Regardless of what John Wooden and many other traditionalists insist, the NCAA ought to expand its basketball tournament to the limit, throw open the doors and say -- to all 261 major-college teams -- "come join us."
The evidence from admitting more than conference champions and exceptional independents -- especially this year -- shows that the fifth-place team from one league can whip the first-place team from another.
But should the NCAA clutter its showplace with Wake Forest? Navy? Baltimore University? Baptist College of Charleston (S.C.), which followed a 2-26 season in 1979 with a 2-25?
Readers who regularly digest thoughts sold here along with their coffee and danish might reasonably be puzzled by now, perhaps wondering if Dr. Frankenstein also performed a frontal lobotomy over the weekend in Indianapolis.
Is this idea coming from the same mind that gets angry at the NFL for introducing "wild card" into sport, that scolds the NBA and NHL for sending more teams into the playoffs than home packing after sinfully long seasons?
A champions-only playoff format does not destroy the credibility of every big-bucks sport. In fact, most of the reasons for believing every team ought to be included in the NCAA basketball tournament can be used to argue against an NCAA playoff for the football factories.
You'll have to chew a bit longer this morning.
Start with the high-protein notion that anything that is fair -- and that also can produce an honest champion while deflating a good deal of the win-at-all-cost pressure on coaches and players -- should be considered.
It is as clear as the bite in Al McGuire's wit that all of collegiate basketball is not equal, that the third-best team in the Big Ten frequently is superior to the Mid-American Conference champion and that the Big East runner-up could well whip every independent in the land.
That is why the NCAA was exactly right in allowing more than conference champions into the tournament four years ago. Lately, there is reason to believe every team in the Big Ten is better than a few conference champions.
But why leap from 48 teams to 261? Would you enter a mule in the Kentucky Derby? Or your local driver-education teacher in the Indy 500? Should a pond of frogs be on the same stage with the UCLA cheerleaders?
College basketball is special because it is the last time games can bring glory and still be fun. One of its goals, arguably more important than producing a national champion, should be to allow as many players as possible to end the last game of each season with a smile on their faces.
The fewer the teams in a tournament, the greater the frustration factor. Consider the ACC this year: Maryland is justifiably proud because it has the best regular-season record; Duke is aglow because it won the tournament that determines the championship; Clemson is happy because it advanced to the West Region final.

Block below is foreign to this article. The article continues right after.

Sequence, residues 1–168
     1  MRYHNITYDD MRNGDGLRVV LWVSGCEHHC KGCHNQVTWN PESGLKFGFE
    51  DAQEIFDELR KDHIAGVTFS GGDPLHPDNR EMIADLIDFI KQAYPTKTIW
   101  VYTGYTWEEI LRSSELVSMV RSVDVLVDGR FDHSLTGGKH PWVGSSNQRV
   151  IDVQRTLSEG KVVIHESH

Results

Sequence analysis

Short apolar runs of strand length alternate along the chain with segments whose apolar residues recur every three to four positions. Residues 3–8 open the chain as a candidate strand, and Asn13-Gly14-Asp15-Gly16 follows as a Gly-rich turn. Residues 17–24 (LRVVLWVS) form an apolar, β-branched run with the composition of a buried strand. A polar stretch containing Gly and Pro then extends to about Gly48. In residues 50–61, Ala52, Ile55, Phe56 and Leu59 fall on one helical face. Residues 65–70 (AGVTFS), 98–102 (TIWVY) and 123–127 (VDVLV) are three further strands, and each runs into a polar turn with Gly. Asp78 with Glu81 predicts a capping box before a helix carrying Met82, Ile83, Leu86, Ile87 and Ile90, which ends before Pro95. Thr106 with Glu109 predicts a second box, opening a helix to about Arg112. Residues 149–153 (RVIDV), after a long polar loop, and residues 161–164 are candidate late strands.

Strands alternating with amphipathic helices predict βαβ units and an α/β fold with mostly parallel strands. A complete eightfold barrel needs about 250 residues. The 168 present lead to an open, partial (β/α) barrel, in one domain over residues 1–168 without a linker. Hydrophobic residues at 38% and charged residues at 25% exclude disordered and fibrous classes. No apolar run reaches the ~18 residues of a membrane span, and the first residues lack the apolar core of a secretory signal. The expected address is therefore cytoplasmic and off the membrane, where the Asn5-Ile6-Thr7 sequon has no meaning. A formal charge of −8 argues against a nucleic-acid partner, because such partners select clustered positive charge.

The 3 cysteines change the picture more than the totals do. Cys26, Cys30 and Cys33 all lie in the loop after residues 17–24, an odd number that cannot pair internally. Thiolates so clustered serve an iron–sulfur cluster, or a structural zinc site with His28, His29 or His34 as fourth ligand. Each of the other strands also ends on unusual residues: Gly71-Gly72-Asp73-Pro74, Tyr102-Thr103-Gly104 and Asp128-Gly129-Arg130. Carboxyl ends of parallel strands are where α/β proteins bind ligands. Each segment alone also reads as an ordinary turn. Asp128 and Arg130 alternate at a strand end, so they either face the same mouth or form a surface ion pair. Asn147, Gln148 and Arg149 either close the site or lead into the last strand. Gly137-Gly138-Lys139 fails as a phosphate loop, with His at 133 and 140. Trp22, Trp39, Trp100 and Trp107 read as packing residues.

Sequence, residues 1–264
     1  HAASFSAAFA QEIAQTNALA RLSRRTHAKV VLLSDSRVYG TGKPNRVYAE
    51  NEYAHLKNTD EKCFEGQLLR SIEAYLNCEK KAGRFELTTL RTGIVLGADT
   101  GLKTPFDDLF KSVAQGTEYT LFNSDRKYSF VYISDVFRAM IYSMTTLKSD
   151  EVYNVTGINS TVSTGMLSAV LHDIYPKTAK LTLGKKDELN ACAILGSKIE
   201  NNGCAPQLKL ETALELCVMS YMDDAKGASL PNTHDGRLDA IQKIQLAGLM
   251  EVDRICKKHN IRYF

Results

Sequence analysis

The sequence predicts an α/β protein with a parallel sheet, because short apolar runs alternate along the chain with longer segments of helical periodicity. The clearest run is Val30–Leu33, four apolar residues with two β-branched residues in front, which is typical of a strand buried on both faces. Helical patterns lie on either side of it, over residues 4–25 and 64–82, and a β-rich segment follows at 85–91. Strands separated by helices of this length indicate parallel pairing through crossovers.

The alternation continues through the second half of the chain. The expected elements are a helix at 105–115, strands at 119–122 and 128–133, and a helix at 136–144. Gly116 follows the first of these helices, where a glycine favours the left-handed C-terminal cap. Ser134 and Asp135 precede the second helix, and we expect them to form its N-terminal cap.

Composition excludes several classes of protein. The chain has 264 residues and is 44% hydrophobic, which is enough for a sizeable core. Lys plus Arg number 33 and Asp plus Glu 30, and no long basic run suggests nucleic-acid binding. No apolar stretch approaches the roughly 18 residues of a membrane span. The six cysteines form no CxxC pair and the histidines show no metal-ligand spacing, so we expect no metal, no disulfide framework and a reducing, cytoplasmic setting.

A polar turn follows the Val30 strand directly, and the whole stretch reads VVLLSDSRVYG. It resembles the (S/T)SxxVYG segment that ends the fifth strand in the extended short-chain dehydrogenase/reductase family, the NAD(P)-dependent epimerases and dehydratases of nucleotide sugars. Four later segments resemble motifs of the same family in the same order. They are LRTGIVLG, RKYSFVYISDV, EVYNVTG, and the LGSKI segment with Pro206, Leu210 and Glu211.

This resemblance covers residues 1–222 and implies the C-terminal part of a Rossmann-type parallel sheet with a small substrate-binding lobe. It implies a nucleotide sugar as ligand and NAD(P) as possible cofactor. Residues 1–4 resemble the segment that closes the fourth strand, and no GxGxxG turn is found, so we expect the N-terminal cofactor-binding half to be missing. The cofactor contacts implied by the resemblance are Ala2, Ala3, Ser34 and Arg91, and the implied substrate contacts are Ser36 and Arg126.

Without expansion, Hawkeye Whitney would have ended his career without the experience of an NCAA playoff game. Without expansion, the Big Ten might not have proof of how much better it really is in relation to other leagues. Without expansion, we might have gone a lifetime without learning there are other entertaining Lamars than Hedy.
We are suckers for sentiment. A season is worthwile if we can discover one Cinderella in sneakers, a UNC-Charlotte or Cal State-Fullerton, Or come to the unalterble conclusion that UCLA's cheerleaders are to halftime entertainment what Darrell Griffith is to jumpers.
Let's try the Nike glass slipper on every Division 1 foot. And if a Seton Hall beats a De Paul, well, probably De Paul was not as worthy of the national championship as everyone imagined.
The polls hardly are a sign of enlightened judgment.
This season, the fourth-best team in the Pac-10, UCLA, tugged at our hearts by beating a team ranked first in the polls most of the year, DePaul and a team ranked second part of the year, Ohio State, to make the championship game.
And it was beaten, properly enough, by a Louisville team considered among the elite before the season's first double dribble and which successfully fought through a wicked region.
"Life is just a series of tipoffs," the former Davidson coach, Dave Pritchett, once said. But this let-'em all-play idea would not lengthen college basketball one second.
With just five byes, a 256-team field could be whittled to 32 in a week, one Sunday-Wednesday-Sunday gorge. Most teams experience that pace frequently during the season. Only greed stretches the present 48-team NCAA playoffs to three weeks.
Significantly, the only coaches who seem fiercely committed to the champions-only system are the former ones, the Woodens using wooden logic that would put an even greater burden on an already perilous profession.
A man ought to get as many chances to keep his job as possible and a victory or two in NCAA play would keep countless meddlesome alumni satisfied who might otherwise search for a rope and a stout tree.
Fewer scholarships and greater access to excellent players have caused more teams to be more competitive inrecent years, although the teams that spend the most money and stretch academic standards the farthest still tend to win the most titles. But a Kentucky team thought to have a friction-free journey to the final four this year failed to win a regional semifinal on its home floor.
This is the best argument for not allowing a postseason major-college football tournament that would use the major-bowl structure as the first elimination round. There are too many Gator Bowl winners who might beat the Rose Bowl champ.
Nearly everyone who wants one team to be happy at the end of an already exhausting season preaches that the tournament need be no larger than four teams and could be completed in two weeks.
To be reasonable fair, you might have to include 16 teams each year. Should anyone who calls himself an educator allow the college season to begin before the NFL season and to end after the Super Bowl?